Friday, January 25, 2013

A great business

I'm writing this blog because I love you more than I love my own happiness.

Tonight, when I have some time to myself and I'd like to continue watching episodes of The Newsroom during this free time, I'm sad to say that I am compelled to write a blog rather than just sitting back, relaxing and enjoying some mind-numbing television.

Okay, I could say that. Except The Newsroom is in no way mind-numbing. It's barely even television.

For those who don't know anything about Aaron Sorkin, I can't say that I don't identify. For the longest time, this man was just a name I'd heard on occasion. I knew he was a screenwriter, an auteur, the kind of content creator that becomes associated with various tropes and for his work as a whole. Not because he's Nicholas Sparks and creates the same story over and over that happens to sell despite its repetition, but because he creates an interesting product no matter what kind of show he creates. There are similarities of course - in that they are inherently "Sorkin" - but they stand alone as beautiful pieces of television.

So you may not know his shows. Sports Night (which I admittedly have not seen at all), The West Wing, Studio 60 and now The Newsroom. These are fairly niche programs. They go into the background "production" of various lucrative (or, if not well-paid, then fascinating) careers and the fictional people who work in them.

The names are all pretty self-explanatory. The West Wing is about the inner workings of the White House, Studio 60 is about the production of a comedy variety show and The Newsroom is about, well a newsroom.

For many these might not seem too fascinating of subjects. Most of America enjoys watching shows like CSI: Crime Scene Investigation, How I Met Your Mother, American Idol (let me just say that I'm not comparing or equalizing these shows, they're all unique and valuable in their own right). Not everyone looks to receive a behind-the-scenes insight into national government, television production or news reporting and production.

You know who does though? Aaron Sorkin.

He also brought you The Social Network, which despite being another of his slightly niche programs (though it took on the form of an unauthorized bio-pic), ended up becoming one of the most popular films of the year. It was lucky because it covered a pervasive topic that had stimulated the public's interest.

His other interests don't necessarily do that, but for those of us within these various fields they're inevitably fascinating.

For a while my interest in journalism has been waning. I am a journalism student and I continue to contribute stories to campus news organizations. I look for summer intern work within the field. But I guess it's inevitable that when you devote yourself to a subject, it starts to lose its charm and intrigue.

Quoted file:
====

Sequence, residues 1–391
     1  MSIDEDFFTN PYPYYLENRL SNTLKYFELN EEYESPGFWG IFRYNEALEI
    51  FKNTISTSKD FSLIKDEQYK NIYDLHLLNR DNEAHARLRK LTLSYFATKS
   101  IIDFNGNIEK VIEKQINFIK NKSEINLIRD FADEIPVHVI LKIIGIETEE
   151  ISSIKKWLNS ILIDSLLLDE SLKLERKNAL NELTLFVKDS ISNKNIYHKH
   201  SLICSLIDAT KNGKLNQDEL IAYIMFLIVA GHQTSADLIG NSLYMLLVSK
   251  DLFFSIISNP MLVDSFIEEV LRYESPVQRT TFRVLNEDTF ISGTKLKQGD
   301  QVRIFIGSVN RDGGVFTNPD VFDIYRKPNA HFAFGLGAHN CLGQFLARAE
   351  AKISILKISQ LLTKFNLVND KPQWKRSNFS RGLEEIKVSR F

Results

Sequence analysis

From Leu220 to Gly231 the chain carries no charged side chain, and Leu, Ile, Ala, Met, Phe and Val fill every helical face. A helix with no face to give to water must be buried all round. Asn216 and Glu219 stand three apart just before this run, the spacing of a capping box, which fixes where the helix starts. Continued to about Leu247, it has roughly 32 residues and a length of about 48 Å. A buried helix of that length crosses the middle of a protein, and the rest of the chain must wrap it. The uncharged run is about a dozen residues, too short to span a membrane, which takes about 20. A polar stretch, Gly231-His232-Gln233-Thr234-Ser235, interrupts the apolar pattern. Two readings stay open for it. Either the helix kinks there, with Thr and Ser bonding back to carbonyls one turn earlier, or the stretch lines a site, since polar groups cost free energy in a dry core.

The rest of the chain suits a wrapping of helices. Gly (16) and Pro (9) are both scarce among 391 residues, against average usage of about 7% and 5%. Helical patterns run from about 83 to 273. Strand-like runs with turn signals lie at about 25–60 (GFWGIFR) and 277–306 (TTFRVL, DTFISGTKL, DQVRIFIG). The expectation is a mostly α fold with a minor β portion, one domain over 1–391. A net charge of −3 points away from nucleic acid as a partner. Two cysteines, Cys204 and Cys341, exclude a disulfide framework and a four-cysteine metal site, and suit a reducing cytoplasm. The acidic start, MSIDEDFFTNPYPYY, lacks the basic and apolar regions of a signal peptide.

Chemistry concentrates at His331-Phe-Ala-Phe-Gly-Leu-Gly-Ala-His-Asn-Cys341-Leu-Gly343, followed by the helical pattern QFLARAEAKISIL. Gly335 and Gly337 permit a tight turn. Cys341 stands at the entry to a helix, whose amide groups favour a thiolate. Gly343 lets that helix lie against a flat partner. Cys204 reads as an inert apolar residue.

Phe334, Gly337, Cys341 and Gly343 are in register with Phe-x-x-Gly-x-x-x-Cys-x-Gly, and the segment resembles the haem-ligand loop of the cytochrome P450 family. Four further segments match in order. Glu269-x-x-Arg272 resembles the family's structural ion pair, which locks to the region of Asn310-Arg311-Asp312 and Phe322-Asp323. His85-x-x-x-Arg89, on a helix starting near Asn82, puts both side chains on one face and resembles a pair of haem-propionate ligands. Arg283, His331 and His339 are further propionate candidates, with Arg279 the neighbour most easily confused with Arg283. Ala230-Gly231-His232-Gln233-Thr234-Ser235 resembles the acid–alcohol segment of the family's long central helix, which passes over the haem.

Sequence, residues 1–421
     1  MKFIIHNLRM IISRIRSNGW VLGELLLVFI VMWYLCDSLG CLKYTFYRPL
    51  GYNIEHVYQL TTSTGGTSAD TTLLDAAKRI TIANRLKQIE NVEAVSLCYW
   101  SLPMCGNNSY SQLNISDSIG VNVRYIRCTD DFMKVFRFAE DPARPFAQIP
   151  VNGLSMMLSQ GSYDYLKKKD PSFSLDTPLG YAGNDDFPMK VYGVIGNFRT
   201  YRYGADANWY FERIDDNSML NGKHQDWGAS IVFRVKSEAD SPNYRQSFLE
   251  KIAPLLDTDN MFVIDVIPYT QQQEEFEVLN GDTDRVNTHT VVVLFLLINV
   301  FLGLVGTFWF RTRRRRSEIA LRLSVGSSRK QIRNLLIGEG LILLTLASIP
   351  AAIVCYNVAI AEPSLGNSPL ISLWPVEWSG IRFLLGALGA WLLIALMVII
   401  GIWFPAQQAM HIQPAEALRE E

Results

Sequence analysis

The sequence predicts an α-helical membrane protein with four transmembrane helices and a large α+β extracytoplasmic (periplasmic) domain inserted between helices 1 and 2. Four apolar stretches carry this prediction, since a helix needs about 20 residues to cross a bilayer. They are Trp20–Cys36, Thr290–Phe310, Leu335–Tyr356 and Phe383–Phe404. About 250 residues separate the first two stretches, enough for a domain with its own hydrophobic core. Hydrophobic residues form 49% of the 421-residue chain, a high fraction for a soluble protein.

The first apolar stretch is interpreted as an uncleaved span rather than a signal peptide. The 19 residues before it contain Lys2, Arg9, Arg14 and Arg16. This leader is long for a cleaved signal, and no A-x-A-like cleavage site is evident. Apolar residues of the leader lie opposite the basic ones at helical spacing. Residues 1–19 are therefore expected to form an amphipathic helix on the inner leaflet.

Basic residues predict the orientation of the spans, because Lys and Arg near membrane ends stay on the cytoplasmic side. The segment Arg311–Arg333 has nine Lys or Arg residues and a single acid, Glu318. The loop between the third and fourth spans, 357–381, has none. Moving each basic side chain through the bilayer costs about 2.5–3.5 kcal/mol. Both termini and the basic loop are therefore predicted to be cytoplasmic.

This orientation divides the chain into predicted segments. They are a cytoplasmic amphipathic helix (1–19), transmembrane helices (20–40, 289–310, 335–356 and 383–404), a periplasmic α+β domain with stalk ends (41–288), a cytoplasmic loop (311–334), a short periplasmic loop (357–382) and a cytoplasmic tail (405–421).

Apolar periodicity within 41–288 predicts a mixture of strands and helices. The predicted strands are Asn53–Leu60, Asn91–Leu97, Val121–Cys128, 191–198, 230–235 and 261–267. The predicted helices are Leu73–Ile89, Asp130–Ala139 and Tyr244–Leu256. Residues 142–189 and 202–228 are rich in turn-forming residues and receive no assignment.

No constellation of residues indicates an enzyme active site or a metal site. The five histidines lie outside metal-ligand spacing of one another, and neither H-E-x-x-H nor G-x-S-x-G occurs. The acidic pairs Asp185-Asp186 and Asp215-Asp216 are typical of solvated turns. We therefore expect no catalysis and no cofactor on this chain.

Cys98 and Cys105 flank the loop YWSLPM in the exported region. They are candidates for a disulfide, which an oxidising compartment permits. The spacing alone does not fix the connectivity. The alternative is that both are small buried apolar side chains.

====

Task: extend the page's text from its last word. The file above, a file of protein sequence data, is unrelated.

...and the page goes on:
Journalism always seemed fascinating to me when I wasn't in the thick of it. It was like an experiment that I was watching, but I could not participate in it. I couldn't touch it.

Now I'm running my hands through it, getting them tangled in messy webs of editing and AP style and journalism ethics. The reality of it makes me forget what it was that fascinated me about the industry in the first place.

Enter The Newsroom. I only started really watching this show on my way back from London this December. Until then I'd not really thought much about it. I had enough television to occupy my time. I didn't need to find another show to take up hours with.

But there wasn't much to do on the plane. I was getting sick of sitting through mediocre movies that I was only moderately interested in watching. So I decided to switch it up and try an episode of The Newsroom. I spent the next few hours of my flight watching the first three episodes. If I hadn't landed and had to exit to go through customs, I would've watched even more.

I don't know if it's just me - and my idealistic notion of what journalism ought to be - but something about The Newsroom always strikes that emotional chord with me, forcing me to reminisce back to a time in my life when journalism was the be all end all of life. I had to write, I had to become a reporter. It seemed inevitable and it's all I wanted.

Over time my priorities have changed, and I attribute it in a way to being disenfranchised by this business. In my experience it's managed to lose some of its former glory. But watching The Newsroom reminds me that the glory is alive and well. It may be fictional, but that doesn't mean that the power that journalism once had over me is unattainable, or worse, non-existent.

Now that I've written a whole blog, I feel like I am ready and deserving of another episode of the show. I've paid my dues and now it is my time to be entertained once again. It really is a spectacularly powerful and interesting insight into the industry and into news itself. You wonder how it gets made and here it is right before your eyes. Perhaps it is made more fantastic than the typical newsroom scenario might play out in reality, but it's this idealism that explains why anyone wants to be a journalist in the first place and why, even when we've lost that initial spark, it is possible to gain it back again.

This is a great business, and I'd just like to thank Aaron Sorkin for reminding me of that.

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